October 13, 2014

JavaScript and HTML5 Protection Questions 1

By Filipe Silva | 3 min read
JavaScript and HTML5 Protection Questions 1

We often find there are a number of questions that are common to many of our users. We will be collecting some of the more interesting and start sharing them here on our blog. Hopefully, they will help with your HTML5 and JavaScript code protection on Jscrambler too.

How can I reach the maximum level of protection?

Our maximum level of protection is available both on our Professional and Ultimate plans. If you are doing something with HTML5, you’d be interested to know that we support protecting it, including Canvas code. These plans include also the Self-defending transformation, which is a combination of anti-tampering and anti-debugging. With the former, your code will be able to detect changes and break down intentionally, and the latter causes your code to break if debugging activities (e.g. popping up the Chrome Dev Console) are detected.

Regarding what protection to use, default templates such as “Obfuscation”, “Domain Lock” or “Self-defending” are solid, working out-of-the-box options to get your code protected. Further protecting your code works best if you have good knowledge of the original code. Are you trying to hide an algorithm? Prevent tampering? Hiding secrets? Depending on your answers, different transformations might be useful. With premium accounts, you can go to the Advanced Users tab and select the transformations individually that work best for your code.

Figure 1 – Advanced Users Tab

Last but not least, you can also use the Ignore Code Blocks feature to increase substantially the protection in specific parts of your code, without growing your code too much or making the code visibly slower.

Do you provide also non-alphanumeric obfuscation?

No, but we understand why you’re asking. Non-alphanumeric obfuscation is a visual nightmare and at first sight, it looks like something really hard to revert. However, the problem with full non-alphanumeric obfuscation is that the resulting code size is insane. As an example, something like ‘console.log(1)’ that has 15 bytes would end up as ~2500 bytes of non-alphanumeric code. If we apply this to an ordinary JavaScript, the resulting size would be unbearable. If that wasn’t enough, it is also rather easy to write a tool to automatically reverse this to its original form.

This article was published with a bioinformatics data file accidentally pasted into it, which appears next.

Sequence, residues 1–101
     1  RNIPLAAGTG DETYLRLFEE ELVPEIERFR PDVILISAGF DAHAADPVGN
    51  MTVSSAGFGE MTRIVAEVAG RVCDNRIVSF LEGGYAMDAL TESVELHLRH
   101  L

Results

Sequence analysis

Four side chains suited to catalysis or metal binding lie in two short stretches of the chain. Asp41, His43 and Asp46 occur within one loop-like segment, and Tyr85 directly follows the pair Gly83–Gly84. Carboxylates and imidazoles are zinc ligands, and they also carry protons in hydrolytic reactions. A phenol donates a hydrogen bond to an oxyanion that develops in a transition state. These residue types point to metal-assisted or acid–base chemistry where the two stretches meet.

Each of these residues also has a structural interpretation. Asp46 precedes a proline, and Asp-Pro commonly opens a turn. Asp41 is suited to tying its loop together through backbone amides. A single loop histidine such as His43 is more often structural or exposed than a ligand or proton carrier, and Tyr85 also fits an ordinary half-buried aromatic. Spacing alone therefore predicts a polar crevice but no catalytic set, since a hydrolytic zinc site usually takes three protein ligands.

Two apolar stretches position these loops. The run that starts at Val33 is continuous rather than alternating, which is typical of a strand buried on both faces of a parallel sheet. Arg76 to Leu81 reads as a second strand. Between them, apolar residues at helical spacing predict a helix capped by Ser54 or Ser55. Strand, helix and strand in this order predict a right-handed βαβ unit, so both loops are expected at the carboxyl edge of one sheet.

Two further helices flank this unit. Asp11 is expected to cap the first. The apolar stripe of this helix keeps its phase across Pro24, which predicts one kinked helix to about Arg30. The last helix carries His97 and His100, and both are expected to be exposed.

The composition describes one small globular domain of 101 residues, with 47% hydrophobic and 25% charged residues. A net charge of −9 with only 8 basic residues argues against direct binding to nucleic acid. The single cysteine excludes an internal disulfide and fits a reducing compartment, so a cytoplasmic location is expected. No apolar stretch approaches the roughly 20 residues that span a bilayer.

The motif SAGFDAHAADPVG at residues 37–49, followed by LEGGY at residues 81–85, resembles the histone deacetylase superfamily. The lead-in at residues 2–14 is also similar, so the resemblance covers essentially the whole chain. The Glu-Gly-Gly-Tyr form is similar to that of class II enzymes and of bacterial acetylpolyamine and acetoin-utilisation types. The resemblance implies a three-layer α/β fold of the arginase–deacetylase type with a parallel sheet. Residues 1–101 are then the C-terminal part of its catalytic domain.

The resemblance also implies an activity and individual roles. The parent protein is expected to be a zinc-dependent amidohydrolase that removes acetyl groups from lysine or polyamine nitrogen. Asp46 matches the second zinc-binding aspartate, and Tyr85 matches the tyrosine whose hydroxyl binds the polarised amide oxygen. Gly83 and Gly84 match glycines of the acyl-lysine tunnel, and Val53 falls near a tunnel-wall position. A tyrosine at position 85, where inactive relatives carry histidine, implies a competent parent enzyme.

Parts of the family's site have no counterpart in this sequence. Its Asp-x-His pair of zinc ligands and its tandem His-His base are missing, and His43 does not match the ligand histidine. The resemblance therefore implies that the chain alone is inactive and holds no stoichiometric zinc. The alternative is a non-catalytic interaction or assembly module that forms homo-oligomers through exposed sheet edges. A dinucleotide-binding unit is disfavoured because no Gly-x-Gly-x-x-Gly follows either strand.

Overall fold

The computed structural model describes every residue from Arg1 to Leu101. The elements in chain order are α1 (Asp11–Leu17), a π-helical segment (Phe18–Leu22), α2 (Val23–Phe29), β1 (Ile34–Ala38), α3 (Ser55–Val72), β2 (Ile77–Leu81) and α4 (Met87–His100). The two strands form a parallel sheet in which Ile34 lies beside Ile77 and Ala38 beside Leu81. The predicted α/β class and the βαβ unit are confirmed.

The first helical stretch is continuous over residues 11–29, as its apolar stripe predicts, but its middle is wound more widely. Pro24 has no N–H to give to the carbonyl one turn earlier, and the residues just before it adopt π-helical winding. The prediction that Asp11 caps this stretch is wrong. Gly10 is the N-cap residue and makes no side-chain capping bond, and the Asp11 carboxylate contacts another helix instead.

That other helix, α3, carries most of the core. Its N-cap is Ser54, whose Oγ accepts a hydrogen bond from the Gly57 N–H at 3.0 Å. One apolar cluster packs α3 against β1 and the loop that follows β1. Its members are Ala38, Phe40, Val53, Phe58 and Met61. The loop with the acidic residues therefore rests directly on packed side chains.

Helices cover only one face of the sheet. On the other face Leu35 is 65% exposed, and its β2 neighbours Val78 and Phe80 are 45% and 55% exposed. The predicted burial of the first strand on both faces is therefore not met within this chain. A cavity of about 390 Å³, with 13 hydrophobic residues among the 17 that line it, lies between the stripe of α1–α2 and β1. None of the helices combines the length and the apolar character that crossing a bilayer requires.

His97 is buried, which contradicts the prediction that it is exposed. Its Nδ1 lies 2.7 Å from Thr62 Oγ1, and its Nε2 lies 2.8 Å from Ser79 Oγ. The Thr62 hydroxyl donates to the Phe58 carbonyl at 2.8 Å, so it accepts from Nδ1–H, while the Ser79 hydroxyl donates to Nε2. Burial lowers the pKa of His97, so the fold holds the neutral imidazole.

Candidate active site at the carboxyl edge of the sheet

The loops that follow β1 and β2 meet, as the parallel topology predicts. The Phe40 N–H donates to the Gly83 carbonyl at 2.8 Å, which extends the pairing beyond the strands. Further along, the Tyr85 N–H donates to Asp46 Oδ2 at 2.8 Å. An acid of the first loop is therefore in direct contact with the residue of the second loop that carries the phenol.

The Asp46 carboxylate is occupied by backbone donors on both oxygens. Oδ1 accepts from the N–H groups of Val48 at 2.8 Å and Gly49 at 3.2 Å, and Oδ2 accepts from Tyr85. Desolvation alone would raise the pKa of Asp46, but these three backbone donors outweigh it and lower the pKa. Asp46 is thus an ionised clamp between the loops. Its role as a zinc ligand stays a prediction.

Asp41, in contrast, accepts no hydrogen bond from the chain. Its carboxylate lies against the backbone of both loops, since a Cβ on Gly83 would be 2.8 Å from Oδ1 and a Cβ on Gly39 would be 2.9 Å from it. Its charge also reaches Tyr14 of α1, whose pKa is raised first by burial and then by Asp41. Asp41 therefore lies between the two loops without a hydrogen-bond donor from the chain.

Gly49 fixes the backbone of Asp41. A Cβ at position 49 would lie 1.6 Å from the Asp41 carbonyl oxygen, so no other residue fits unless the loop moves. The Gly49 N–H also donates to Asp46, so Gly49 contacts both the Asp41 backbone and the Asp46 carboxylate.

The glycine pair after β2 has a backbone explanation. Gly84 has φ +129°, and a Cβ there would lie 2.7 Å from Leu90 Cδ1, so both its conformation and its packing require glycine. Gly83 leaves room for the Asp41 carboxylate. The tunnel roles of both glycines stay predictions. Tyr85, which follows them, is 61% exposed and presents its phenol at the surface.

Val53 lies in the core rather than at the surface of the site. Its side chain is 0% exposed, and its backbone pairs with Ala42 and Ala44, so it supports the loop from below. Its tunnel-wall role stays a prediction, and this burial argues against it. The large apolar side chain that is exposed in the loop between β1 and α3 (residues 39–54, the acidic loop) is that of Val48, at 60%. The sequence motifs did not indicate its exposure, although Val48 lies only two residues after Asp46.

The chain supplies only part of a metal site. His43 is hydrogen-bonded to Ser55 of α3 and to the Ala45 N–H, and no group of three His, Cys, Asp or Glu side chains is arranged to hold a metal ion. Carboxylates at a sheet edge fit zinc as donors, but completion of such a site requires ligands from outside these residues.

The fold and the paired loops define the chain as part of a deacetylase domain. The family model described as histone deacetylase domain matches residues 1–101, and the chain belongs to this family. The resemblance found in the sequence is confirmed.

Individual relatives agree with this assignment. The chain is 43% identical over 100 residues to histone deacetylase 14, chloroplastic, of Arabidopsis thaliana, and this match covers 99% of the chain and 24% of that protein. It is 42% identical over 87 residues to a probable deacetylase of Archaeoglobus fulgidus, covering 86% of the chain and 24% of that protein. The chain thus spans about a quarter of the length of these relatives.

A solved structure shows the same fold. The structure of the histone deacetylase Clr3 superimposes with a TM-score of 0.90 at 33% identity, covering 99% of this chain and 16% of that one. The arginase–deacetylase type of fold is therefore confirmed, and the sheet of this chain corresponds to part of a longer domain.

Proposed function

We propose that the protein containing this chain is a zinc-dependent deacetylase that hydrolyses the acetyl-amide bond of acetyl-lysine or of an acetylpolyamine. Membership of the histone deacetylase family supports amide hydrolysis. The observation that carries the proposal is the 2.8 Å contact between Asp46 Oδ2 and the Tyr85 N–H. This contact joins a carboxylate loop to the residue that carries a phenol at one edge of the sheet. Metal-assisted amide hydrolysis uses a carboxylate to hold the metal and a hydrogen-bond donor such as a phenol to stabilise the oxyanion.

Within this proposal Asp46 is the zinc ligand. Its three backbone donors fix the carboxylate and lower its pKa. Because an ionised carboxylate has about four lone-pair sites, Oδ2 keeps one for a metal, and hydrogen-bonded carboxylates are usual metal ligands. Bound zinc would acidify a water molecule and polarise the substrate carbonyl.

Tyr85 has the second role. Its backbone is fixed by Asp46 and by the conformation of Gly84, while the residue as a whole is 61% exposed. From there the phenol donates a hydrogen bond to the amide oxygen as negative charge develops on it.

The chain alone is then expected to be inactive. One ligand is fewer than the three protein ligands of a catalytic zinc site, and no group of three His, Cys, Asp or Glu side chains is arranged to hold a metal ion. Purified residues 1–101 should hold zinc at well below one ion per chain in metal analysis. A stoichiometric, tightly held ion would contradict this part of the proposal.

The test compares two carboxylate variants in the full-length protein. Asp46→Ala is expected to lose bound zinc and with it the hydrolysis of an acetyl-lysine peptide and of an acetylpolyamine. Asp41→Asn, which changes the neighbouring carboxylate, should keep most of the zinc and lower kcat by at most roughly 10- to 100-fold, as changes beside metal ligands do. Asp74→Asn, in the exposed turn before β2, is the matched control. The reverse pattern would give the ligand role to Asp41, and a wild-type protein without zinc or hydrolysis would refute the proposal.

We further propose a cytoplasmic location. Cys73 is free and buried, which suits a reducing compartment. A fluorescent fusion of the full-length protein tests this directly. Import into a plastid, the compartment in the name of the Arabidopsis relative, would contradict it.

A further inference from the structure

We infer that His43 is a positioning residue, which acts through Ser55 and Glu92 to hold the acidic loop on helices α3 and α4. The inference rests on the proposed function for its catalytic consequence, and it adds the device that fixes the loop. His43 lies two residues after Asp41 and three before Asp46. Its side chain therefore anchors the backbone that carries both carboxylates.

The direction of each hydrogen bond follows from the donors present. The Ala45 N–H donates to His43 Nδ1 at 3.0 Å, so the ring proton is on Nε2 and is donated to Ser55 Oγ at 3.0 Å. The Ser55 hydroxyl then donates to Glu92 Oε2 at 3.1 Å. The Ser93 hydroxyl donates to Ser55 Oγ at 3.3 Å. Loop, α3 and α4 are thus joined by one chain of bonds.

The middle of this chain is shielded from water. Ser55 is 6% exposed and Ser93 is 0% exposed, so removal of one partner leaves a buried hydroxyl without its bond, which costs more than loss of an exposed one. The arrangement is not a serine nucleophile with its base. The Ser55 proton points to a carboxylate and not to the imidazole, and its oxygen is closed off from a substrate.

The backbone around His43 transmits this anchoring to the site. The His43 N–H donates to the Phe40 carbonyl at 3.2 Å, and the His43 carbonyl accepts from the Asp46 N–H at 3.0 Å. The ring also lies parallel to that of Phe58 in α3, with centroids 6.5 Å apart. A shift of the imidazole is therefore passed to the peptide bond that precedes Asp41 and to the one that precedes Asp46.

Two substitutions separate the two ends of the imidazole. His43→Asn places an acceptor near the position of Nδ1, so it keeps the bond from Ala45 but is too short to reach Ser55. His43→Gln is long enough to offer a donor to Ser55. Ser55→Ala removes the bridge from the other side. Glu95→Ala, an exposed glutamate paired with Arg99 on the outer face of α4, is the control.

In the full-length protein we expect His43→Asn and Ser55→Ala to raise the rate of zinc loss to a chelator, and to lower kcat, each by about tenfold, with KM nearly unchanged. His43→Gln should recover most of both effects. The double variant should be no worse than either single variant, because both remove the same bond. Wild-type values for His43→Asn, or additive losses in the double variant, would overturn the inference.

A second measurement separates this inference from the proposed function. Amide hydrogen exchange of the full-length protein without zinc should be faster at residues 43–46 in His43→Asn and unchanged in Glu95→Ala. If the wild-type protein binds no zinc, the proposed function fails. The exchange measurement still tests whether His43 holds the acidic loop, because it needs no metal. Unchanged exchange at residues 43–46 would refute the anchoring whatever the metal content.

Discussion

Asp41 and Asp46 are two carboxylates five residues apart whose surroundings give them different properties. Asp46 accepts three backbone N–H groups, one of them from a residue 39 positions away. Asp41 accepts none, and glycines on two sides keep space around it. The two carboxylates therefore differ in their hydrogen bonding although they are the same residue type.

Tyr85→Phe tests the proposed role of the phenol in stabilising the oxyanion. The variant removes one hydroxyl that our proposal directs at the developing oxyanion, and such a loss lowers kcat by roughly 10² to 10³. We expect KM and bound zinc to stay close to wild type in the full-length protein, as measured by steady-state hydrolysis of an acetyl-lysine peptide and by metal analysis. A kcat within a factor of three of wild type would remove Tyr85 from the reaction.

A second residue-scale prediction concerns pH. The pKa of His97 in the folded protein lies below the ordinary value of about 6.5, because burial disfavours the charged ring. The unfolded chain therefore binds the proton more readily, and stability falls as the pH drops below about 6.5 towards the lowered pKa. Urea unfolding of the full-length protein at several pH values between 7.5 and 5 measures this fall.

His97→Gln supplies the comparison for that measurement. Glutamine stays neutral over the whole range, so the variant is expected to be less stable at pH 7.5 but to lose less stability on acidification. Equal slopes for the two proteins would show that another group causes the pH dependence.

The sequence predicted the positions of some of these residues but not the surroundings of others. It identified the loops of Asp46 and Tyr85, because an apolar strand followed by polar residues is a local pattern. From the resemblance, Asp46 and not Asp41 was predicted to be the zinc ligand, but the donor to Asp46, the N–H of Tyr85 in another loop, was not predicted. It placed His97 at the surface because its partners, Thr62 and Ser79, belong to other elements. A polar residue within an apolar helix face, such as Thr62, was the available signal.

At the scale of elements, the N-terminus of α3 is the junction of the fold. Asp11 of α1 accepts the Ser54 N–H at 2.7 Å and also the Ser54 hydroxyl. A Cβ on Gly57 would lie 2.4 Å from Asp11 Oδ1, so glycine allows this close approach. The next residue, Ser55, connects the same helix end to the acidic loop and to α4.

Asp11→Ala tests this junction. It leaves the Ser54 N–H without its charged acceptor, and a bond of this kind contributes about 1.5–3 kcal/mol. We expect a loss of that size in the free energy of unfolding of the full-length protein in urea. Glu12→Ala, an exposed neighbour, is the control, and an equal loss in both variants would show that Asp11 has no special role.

Figure 2 – Non-alphanumeric example

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Do you have something that cannot be reverse-engineered?

Everything can be reversed-engineered. So far the only thing that comes to our mind that has not been reversed engineered is the human brain. No solution can promise 100% protection.

That being said, our solution goes higher and deeper in providing you protection. It sets the difficulty level so high only a few percent of JS hackers will be able to reverse, and of those, even fewer will be motivated to do it.

Why? Because Jscrambler has more and better obfuscation techniques but contrary to other solutions, it goes beyond it. It leverages obfuscation to install code traps, scattered throughout the code that will provide you extra levels of protection:

  • Licensing enforcing capabilities: Domain Lock, Browser/OS Lock, Expiration date
  • Self-defending: Anti-tampering + Anti-debugging

That’s it for now! Keep visiting us because we’ll be covering other questions we come across and don’t forget to send us your questions, issues and suggestions to [email protected].

As a final word, don't forget to download our free data sheet on JavaScript Security Threats, which provides an overview of the most relevant attacks and how to prevent them.

Filipe SilvaSoftware Engineer currently working as a Technical Product Manager leading Software Engineering and R&D teams.
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Projeto Co-Financiado por (Mais info)Norte 2020, Portugal 2020, FEDR